Efficient Human-Machine Work Transfer Through Latent Structure Decomposition
When humans delegate tasks---whether to human workers or robots---they do so either to trade money for time, or to leverage additional knowledge and capabilities. For complex tasks, however, describing the work to be done requires substantial effort, which reduces the benefit to the requester who delegates tasks. On one hand, human workers---e.g., crowd workers, friends or colleagues on social network, factory workers---have diverse knowledge and level of commitment, making it difficult to achieve joint efforts towards the requester's goal. In contrast, robots and machines have clearly defined capabilities and full commitment, but the requester lacks an efficient way to coordinate them for flexible workflows.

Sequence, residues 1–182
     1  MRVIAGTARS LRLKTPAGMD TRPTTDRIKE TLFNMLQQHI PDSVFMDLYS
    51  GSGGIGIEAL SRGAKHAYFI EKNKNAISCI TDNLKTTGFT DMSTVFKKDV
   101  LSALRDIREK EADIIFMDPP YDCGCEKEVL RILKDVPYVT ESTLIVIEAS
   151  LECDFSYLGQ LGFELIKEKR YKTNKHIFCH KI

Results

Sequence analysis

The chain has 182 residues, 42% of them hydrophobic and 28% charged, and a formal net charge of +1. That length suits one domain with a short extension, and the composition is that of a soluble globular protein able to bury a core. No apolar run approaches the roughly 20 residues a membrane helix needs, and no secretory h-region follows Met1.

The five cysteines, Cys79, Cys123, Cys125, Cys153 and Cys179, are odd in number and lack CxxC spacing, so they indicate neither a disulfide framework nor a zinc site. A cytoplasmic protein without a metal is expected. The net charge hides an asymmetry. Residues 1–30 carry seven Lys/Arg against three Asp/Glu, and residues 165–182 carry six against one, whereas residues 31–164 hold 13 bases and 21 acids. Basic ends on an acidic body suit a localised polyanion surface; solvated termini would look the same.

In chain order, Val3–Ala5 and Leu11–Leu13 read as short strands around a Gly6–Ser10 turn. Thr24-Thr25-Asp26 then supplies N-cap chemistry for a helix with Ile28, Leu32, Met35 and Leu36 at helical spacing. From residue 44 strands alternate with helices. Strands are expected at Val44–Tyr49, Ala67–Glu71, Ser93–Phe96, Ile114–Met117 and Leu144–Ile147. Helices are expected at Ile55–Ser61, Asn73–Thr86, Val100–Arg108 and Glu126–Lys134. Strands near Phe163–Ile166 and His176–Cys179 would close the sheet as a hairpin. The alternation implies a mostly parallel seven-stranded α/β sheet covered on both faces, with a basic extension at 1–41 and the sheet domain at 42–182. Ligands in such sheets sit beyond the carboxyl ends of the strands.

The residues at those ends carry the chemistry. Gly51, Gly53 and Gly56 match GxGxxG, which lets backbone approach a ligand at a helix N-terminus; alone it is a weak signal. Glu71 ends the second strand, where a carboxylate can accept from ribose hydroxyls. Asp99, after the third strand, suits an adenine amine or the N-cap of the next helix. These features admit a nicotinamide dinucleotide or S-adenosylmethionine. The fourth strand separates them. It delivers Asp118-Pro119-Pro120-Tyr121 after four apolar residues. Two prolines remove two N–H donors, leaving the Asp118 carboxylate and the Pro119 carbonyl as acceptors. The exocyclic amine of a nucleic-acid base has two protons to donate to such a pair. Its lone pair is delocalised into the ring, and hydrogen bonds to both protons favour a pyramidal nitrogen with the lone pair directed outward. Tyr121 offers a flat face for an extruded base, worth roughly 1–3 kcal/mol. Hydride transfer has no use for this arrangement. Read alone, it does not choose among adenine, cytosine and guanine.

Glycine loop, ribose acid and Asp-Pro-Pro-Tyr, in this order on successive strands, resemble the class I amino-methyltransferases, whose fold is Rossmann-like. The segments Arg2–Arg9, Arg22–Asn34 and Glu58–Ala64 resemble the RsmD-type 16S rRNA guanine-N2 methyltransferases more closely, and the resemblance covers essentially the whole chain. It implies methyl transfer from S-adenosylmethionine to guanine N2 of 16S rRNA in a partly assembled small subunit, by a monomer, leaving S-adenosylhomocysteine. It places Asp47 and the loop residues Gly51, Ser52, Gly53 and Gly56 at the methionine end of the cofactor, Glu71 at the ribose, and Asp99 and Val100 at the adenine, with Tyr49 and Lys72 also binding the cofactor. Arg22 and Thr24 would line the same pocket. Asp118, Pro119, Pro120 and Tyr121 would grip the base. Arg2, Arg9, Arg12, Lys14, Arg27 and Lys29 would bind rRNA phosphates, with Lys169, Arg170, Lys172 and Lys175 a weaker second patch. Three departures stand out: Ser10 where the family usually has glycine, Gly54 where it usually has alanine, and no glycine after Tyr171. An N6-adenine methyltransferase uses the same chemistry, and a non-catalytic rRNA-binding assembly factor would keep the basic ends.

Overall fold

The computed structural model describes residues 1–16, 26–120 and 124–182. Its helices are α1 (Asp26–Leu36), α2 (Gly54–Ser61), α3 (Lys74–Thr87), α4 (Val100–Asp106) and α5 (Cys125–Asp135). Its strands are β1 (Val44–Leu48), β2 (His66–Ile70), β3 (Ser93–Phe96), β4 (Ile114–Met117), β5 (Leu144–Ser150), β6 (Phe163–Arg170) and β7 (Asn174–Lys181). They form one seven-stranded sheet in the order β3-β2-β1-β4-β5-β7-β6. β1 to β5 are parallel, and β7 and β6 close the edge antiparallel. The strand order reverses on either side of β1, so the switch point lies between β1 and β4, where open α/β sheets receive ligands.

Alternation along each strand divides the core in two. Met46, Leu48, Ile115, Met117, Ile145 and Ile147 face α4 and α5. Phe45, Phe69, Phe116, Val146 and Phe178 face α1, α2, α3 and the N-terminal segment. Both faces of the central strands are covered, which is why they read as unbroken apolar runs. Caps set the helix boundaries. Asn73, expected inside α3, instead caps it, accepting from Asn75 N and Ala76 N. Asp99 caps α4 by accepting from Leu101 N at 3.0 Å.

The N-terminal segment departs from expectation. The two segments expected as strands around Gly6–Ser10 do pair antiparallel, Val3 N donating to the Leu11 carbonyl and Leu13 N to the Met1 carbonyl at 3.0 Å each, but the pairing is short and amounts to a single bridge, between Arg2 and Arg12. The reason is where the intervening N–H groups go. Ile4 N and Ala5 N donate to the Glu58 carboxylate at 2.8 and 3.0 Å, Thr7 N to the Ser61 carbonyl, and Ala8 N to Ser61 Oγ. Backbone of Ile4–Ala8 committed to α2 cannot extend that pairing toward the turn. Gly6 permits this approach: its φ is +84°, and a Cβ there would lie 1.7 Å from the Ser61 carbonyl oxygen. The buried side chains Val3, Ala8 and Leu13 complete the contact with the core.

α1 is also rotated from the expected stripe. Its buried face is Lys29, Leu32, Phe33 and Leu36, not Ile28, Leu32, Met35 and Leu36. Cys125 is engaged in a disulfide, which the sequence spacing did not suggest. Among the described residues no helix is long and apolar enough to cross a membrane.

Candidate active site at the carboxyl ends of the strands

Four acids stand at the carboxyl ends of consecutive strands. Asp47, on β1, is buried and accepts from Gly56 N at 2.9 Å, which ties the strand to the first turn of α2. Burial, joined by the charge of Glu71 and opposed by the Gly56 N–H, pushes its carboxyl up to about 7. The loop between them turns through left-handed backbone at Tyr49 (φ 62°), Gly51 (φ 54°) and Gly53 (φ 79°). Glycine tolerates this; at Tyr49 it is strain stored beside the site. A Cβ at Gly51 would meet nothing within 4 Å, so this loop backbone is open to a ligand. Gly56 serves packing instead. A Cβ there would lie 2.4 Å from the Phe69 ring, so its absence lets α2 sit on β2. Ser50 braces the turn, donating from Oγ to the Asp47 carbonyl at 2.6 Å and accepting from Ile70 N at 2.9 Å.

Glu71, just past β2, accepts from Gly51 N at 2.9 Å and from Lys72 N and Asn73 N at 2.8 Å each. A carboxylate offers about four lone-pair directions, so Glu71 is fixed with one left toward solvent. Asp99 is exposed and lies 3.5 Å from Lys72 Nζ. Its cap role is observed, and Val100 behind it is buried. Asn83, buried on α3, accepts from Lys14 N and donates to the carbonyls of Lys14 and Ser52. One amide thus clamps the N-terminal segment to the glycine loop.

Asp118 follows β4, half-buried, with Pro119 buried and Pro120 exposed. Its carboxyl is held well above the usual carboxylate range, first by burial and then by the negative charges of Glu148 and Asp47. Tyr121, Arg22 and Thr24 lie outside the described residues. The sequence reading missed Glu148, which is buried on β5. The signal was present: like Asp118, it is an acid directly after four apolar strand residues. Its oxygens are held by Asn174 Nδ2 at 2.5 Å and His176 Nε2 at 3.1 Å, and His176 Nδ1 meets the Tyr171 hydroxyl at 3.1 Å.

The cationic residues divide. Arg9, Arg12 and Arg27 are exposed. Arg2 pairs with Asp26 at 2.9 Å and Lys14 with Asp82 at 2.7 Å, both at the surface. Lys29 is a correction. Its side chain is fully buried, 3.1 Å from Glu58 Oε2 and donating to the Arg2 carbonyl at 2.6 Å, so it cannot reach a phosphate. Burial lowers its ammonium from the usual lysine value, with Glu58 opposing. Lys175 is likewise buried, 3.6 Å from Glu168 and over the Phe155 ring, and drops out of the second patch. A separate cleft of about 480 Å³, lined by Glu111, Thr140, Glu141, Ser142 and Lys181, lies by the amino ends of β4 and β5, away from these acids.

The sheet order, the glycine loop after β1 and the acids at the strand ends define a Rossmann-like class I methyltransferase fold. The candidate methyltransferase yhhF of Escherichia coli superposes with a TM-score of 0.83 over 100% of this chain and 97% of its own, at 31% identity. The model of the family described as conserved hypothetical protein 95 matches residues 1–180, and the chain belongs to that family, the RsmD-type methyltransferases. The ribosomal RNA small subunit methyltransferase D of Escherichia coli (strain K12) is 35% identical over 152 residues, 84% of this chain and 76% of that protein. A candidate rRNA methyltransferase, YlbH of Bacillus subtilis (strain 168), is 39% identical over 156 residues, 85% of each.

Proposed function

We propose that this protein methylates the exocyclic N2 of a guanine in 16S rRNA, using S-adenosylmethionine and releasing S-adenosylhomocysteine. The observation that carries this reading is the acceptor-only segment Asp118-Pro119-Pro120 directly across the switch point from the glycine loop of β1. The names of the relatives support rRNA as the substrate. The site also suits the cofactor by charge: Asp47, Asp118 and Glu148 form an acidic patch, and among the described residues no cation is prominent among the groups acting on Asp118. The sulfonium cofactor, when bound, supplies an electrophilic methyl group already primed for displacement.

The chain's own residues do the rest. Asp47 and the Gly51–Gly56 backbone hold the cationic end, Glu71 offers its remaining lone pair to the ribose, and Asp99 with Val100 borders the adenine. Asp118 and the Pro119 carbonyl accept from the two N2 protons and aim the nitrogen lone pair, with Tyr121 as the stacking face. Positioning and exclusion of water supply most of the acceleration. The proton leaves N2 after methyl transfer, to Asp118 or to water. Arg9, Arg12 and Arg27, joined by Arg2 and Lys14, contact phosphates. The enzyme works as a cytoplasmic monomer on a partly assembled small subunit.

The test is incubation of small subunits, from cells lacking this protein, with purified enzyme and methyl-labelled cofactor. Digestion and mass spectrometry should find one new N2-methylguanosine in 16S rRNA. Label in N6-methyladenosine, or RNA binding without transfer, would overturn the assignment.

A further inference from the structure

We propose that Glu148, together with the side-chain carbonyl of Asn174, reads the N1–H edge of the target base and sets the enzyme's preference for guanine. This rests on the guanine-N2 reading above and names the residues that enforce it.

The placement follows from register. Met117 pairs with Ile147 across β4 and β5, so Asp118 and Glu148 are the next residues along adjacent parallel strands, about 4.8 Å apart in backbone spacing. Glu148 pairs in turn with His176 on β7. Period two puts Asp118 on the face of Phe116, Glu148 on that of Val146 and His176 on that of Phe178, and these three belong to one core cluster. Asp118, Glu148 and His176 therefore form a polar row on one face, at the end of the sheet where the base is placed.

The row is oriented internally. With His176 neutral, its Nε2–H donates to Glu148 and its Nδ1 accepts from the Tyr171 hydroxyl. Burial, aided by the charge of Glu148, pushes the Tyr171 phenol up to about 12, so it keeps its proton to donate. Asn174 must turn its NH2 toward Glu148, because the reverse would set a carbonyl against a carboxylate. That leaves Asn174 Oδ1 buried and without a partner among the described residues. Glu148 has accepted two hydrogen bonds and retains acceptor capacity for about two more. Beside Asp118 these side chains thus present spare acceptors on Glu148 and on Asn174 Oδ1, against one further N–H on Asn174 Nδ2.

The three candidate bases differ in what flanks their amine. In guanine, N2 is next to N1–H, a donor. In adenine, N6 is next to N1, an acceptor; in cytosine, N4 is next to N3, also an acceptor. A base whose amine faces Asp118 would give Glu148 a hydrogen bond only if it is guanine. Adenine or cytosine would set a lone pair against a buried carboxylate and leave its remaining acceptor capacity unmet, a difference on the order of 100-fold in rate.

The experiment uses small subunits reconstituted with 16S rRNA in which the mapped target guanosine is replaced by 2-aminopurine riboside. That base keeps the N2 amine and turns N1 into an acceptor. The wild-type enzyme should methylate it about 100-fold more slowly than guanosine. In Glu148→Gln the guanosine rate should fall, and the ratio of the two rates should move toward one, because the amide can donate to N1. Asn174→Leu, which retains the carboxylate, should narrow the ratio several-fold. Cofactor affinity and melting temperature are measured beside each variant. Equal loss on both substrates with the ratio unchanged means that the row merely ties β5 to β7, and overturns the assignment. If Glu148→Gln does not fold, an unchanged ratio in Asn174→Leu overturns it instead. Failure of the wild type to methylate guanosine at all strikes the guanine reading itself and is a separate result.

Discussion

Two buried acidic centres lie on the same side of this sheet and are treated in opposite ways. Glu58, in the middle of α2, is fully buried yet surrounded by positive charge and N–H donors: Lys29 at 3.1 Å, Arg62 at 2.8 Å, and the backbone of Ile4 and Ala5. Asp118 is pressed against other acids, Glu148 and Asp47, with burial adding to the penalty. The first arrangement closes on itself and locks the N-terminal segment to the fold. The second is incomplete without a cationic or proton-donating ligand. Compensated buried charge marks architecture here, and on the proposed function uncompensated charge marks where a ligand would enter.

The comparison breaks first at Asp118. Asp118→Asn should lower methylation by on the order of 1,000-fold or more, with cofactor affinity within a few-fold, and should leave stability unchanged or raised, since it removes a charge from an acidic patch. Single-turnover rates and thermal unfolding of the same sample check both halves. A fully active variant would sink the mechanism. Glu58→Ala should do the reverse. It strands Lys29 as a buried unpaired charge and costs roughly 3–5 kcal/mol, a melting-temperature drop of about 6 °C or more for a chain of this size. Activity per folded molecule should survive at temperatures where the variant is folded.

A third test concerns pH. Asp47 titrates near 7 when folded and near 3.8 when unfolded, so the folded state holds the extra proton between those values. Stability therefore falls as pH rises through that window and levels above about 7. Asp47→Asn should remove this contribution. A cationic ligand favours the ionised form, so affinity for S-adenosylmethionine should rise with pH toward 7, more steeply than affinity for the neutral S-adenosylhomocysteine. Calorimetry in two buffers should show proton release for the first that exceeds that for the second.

This dissertation presents a series of workflows and systems to enable efficient work transfer to human workers or robots. First, I present BlueSky, a system that can automatically coordinate hundreds of crowd workers to enumerate ideas for a given topic. The latent structure of the idea enumeration task is decomposed into a three-step workflow to guide the crowd workers. Second, I present CoStory, a system that requests alternative designs from friends or colleagues by decomposing the design task into hierarchical chunks. Third, I present AdapTutAR, a system that delegates machine operation tasks to workers through adaptive Augmented Reality tutorials. Finally, I present Vipo, a system that allows requesters to customize tasks for robots and smart machines through spatial-visual programming. This dissertation demonstrates that decomposing latent task structure enables task delegation in an on-demand, scalable, and distributed way.
- Doctor of Philosophy
- Electrical and Computer Engineering
- West Lafayette